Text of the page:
Turing Tumble

Turing Tumble is an addictive game that makes coding concrete with simple switches and marbles. Users build systems to solve puzzles in the included comic book. With practice, you’ll be able to build a machine that creates patterns, solves problems, and more. $64.95 at Turing Tumble. ($$)

Image: Turing Tumble / Turing Tumble, LLC


Cue the Cleverbot

Older kids will love learning about AI by to coding their own robot. Chose from four customizable personalities and use your smartphone or tablet as the interface to teach Cue all kinds of interactive tricks. $199 at Wonder Workshop. ($$$)

Image: Cue the Cleverbot / Wonder Workshop


**Bonus Gift**

A little something for you…

Galton Board

The Galton Board is a mesmerizing desktop toy that demonstrates normal distribution in statistics. When you flip the board into motion, tiny steel balls fall randomly through a pin board, showing the beauty of the Bell Curve in real time. $49.99 at Galton Board. ($$)

Image: Galton Board / Four Pines Publishing


Whether you’re shopping for a confirmed science geek or just trying to provide some high-quality play time, STEM gifts open up a whole new world of possibilities for their recipients. You’re never too young — or too old! — to learn a new skill or make interesting discoveries about how things work, so be sure to spend time exploring these items alongside your child. Furthermore, you’ll get to spend some quality time together while modeling active, lifelong learning. By inviting your child to solve problems and tap into their creativity with STEM toys, you’ll be encouraging the flexible, higher-order thinking skills while making STEM concepts fun and accessible — and that’s a gift for a lifetime.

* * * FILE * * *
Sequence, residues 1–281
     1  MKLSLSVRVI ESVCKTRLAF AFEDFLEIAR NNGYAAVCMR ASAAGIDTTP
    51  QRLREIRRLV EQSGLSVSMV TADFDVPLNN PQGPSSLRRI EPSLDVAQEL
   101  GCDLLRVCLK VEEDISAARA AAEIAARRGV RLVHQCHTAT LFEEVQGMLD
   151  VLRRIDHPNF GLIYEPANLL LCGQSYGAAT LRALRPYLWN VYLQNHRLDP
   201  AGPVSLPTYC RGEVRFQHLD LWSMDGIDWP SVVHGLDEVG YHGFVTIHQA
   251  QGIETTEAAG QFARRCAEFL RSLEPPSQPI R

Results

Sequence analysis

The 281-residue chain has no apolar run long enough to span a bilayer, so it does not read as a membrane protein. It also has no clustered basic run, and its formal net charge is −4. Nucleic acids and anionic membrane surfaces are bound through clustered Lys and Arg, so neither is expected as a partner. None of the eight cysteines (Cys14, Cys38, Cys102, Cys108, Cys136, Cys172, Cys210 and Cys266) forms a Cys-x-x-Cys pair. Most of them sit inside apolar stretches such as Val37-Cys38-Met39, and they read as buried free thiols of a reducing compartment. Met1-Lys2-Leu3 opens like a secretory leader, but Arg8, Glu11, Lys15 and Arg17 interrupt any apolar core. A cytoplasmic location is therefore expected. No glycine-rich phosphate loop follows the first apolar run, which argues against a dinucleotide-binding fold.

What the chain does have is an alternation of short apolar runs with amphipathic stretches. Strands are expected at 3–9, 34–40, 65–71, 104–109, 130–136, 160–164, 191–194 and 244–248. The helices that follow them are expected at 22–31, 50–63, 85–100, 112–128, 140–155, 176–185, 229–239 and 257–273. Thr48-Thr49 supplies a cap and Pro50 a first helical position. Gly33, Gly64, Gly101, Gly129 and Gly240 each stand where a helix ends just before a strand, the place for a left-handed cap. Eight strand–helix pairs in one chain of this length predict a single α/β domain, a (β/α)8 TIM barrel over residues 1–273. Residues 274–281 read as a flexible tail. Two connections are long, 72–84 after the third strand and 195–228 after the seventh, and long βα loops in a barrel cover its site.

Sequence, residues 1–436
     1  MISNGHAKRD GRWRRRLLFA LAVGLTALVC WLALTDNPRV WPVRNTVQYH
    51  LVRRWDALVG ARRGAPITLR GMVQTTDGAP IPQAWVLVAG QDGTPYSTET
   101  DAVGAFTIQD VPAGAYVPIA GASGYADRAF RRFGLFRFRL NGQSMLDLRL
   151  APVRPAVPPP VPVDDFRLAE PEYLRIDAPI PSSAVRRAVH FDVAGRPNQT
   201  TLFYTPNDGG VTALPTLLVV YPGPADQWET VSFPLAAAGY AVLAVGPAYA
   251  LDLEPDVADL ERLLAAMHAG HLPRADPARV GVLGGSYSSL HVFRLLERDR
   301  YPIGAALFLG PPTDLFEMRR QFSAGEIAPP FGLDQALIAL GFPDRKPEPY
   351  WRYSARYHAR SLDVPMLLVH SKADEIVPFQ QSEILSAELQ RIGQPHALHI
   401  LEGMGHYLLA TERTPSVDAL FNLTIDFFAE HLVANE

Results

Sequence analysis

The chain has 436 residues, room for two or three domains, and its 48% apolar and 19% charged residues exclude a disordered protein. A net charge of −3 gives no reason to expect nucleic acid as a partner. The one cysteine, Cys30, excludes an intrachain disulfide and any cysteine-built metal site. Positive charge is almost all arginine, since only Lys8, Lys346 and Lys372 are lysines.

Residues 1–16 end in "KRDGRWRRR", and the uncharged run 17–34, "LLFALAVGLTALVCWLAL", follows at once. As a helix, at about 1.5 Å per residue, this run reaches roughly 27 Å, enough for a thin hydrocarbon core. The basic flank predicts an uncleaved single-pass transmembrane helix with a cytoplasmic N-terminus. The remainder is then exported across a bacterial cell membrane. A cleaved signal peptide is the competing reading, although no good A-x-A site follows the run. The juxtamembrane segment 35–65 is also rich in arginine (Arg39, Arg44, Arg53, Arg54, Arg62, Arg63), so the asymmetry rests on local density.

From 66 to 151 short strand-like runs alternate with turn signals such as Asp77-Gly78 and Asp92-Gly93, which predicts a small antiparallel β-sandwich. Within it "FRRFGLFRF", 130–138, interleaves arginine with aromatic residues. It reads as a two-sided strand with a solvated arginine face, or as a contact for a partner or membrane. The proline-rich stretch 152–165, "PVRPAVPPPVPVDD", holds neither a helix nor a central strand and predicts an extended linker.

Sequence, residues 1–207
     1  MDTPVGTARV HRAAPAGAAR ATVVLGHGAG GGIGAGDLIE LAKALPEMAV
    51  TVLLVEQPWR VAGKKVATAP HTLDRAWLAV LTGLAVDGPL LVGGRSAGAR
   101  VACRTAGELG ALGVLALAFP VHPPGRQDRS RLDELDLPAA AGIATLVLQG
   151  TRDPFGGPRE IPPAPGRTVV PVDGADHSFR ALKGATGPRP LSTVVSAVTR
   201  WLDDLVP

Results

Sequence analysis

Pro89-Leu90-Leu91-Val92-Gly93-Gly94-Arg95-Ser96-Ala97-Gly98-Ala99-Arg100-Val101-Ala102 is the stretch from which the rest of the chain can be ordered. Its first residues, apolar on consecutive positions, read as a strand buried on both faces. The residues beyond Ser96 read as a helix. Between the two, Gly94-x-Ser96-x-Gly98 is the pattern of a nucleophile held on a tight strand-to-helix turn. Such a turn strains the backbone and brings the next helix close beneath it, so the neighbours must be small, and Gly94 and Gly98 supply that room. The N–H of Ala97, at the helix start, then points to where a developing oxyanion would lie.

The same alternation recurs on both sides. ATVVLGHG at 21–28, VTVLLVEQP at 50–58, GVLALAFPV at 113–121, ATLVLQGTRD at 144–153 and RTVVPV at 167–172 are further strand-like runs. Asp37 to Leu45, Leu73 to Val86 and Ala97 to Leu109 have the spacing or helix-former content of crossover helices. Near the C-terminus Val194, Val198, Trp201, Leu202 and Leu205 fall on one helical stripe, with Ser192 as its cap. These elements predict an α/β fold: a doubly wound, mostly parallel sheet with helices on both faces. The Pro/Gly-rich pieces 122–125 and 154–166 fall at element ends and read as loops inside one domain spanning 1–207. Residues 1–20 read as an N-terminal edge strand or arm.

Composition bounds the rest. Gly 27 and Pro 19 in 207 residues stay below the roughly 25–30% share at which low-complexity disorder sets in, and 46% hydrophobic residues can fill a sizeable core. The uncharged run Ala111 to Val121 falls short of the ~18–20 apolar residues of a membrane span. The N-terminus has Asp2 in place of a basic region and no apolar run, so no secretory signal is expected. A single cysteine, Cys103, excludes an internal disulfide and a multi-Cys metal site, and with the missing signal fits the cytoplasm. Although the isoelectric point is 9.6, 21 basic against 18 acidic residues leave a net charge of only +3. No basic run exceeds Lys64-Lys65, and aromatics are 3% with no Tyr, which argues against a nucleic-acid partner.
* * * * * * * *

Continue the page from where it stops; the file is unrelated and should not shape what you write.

Image: Getty / Girl Holding LED‘s

This article was originally featured in Medium on November 15th, 2018.


Andrew B. Raupp is the Founder / Executive Director @stemdotorg.

“Democratizing science, technology, engineering and math (STEM) education through sound policy & practice…”

The Inherent Fluidity of STEM Careers

Image: Getty / STEM Student Welding In Shop Class

Preparing Today’s Minds For The STEM Jobs Of Tomorrow

Written by: Andrew B. Raupp / @stemceo

Education reform continues to be fiercely debated, but one thing is clear: It’s imperative that leaders align K-12 classrooms with the growing demands of the future science, technology, engineering and mathematics (STEM) workforce. What makes this task particularly challenging is that today’s youth will likely face challenges that the adults around them can barely imagine. We’re living in a precarious moment in human history in which some have argued that technology is so disruptive that productivity is outpacing job growth. Preparing the children of today to succeed in a completely different job market is a responsibility we cannot ignore — even though it may feel impossible to keep up with such rapid change.

Zeroing In On A Moving Target